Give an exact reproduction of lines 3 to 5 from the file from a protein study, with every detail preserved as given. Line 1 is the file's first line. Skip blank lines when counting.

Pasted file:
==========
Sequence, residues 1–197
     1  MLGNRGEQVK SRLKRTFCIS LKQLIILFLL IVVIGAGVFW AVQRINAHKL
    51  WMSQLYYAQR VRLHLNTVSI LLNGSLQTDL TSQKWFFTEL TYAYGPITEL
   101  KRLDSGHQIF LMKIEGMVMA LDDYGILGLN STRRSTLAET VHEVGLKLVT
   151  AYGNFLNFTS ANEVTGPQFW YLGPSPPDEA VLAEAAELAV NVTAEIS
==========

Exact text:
    51  WMSQLYYAQR VRLHLNTVSI LLNGSLQTDL TSQKWFFTEL TYAYGPITEL
   101  KRLDSGHQIF LMKIEGMVMA LDDYGILGLN STRRSTLAET VHEVGLKLVT
   151  AYGNFLNFTS ANEVTGPQFW YLGPSPPDEA VLAEAAELAV NVTAEIS